Roasting decaf coffee

Decaf coffee is often dismissed by specialty coffee roasters as an uncool coffee category. The consumption of decaffeinated coffee beans has been steady over the past 10 years. On average, decaf coffee is about 15% of overall coffee consumption and it appears that specifically, millennials have taken a growing interest in enjoying decaf coffee beverages.

History of decaf coffee

The process of decaffeinating coffee was first developed by Ludwig Roselius. In 1906 he launched the world’s first brand of caffeine-free coffee under the name “Kaffee Hag”. Initially, the processing to remove the caffeine, which is an odorless, bitter-tasting alkaloid, was relying exclusively on solvents like methylene chloride. Fortunately, natural, chemical-free decaffeination options like Swiss Water, Mountain water, and Critical CO2 have become widely available to the specialty coffee roasting community.

An average cup of Arabica coffee contains up to 200 milligrams of caffeine, which is about the weight of one single green coffee bean. The Swiss Water and Mountain Water process involves the soaking of green, unroasted coffee in pre-heated water. During this soaking process, about 95% of the caffeine dissolves, together with essential sugars and oils which determine the flavor profile of the coffee. This green coffee extract is then filtered using active carbon filters which remove the caffeine without impacting the other essential coffee compounds. The remaining green coffee extract is subsequently reintroduced to the beans and after a gentle process of drying, we finally have the unroasted decaf coffee.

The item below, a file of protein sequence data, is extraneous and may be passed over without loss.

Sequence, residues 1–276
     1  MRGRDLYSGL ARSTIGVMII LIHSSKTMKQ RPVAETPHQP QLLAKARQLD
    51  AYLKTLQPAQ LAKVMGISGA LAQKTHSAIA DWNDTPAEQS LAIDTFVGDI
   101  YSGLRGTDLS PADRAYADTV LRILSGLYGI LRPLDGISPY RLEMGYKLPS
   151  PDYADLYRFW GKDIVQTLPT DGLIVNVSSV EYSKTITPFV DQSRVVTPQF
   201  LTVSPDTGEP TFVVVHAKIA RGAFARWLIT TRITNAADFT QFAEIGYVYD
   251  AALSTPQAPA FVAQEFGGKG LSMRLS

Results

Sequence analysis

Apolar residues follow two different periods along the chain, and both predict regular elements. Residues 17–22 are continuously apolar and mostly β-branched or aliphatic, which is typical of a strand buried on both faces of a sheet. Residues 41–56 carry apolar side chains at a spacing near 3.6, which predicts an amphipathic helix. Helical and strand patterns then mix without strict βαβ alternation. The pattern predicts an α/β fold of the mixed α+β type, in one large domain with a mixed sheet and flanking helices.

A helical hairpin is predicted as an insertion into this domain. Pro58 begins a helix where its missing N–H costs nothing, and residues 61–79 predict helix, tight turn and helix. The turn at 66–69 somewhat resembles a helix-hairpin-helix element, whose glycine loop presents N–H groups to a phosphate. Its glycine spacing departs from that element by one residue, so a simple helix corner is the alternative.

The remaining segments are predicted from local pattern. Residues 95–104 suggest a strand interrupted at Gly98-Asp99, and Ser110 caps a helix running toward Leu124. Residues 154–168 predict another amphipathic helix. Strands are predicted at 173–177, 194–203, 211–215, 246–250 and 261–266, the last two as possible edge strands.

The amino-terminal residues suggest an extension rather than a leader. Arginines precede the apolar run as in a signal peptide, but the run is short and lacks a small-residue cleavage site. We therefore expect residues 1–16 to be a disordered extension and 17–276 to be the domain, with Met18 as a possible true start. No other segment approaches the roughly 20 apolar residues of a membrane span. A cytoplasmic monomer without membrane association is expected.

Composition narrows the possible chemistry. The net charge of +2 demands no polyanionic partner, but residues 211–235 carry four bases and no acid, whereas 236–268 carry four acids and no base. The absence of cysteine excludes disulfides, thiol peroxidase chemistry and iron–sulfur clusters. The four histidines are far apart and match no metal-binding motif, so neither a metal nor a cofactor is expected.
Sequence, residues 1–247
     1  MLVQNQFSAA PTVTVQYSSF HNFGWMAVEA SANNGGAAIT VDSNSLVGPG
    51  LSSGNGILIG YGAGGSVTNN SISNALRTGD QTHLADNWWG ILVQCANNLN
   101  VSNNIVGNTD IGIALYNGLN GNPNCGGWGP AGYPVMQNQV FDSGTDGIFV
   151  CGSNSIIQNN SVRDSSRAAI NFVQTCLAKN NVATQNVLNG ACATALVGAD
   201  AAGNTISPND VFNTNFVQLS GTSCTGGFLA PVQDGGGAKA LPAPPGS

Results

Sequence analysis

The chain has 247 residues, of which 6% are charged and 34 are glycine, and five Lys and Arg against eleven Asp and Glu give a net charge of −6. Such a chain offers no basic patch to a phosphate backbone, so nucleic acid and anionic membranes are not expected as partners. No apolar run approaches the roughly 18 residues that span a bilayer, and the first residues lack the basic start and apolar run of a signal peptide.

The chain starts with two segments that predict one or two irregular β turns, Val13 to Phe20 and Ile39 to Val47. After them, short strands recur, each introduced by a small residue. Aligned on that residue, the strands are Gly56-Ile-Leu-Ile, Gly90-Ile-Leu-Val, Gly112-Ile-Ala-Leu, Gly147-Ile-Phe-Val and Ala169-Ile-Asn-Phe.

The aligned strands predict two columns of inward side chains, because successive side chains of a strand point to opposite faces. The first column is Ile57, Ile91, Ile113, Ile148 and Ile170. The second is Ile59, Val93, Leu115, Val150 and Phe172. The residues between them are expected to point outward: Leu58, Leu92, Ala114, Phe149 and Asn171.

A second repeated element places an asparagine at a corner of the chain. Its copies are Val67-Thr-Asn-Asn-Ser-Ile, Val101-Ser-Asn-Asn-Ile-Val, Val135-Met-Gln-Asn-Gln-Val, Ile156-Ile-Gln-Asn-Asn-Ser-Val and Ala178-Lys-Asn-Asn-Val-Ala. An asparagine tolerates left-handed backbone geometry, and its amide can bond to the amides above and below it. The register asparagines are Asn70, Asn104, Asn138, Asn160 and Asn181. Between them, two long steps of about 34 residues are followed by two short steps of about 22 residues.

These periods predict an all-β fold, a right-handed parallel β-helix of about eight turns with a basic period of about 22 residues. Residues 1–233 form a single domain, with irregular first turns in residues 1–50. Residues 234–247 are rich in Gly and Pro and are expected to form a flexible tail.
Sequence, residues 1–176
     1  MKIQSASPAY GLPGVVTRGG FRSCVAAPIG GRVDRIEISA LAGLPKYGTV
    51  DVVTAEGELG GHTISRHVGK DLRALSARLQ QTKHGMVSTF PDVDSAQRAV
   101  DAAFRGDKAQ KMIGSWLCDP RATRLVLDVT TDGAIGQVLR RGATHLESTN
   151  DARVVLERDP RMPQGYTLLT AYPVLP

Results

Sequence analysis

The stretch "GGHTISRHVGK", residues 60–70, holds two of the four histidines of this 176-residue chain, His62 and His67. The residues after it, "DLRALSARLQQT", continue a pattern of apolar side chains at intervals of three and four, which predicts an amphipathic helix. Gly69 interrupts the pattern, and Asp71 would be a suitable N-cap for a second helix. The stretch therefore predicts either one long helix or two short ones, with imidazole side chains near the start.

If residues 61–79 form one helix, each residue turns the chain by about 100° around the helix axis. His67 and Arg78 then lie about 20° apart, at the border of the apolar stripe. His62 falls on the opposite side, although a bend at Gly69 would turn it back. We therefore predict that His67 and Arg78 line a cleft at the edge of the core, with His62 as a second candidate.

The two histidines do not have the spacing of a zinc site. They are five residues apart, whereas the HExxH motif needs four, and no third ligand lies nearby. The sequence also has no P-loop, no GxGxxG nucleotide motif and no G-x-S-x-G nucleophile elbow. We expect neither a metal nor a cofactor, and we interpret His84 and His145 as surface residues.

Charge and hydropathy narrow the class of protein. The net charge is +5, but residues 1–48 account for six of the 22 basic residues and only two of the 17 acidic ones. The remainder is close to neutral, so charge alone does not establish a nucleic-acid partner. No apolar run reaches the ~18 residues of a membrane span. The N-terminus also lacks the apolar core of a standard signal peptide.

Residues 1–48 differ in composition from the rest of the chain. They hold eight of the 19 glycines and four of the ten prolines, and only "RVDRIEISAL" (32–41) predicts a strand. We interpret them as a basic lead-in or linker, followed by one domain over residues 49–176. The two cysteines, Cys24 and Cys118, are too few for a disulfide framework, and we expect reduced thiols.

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Willem Boot

Willem Boot is Brand Ambassador of Giesen Coffee Roasters and founder of Boot Coffee Campus, a leading coffee training institute for the coffee industry. Check the program of specialized courses at

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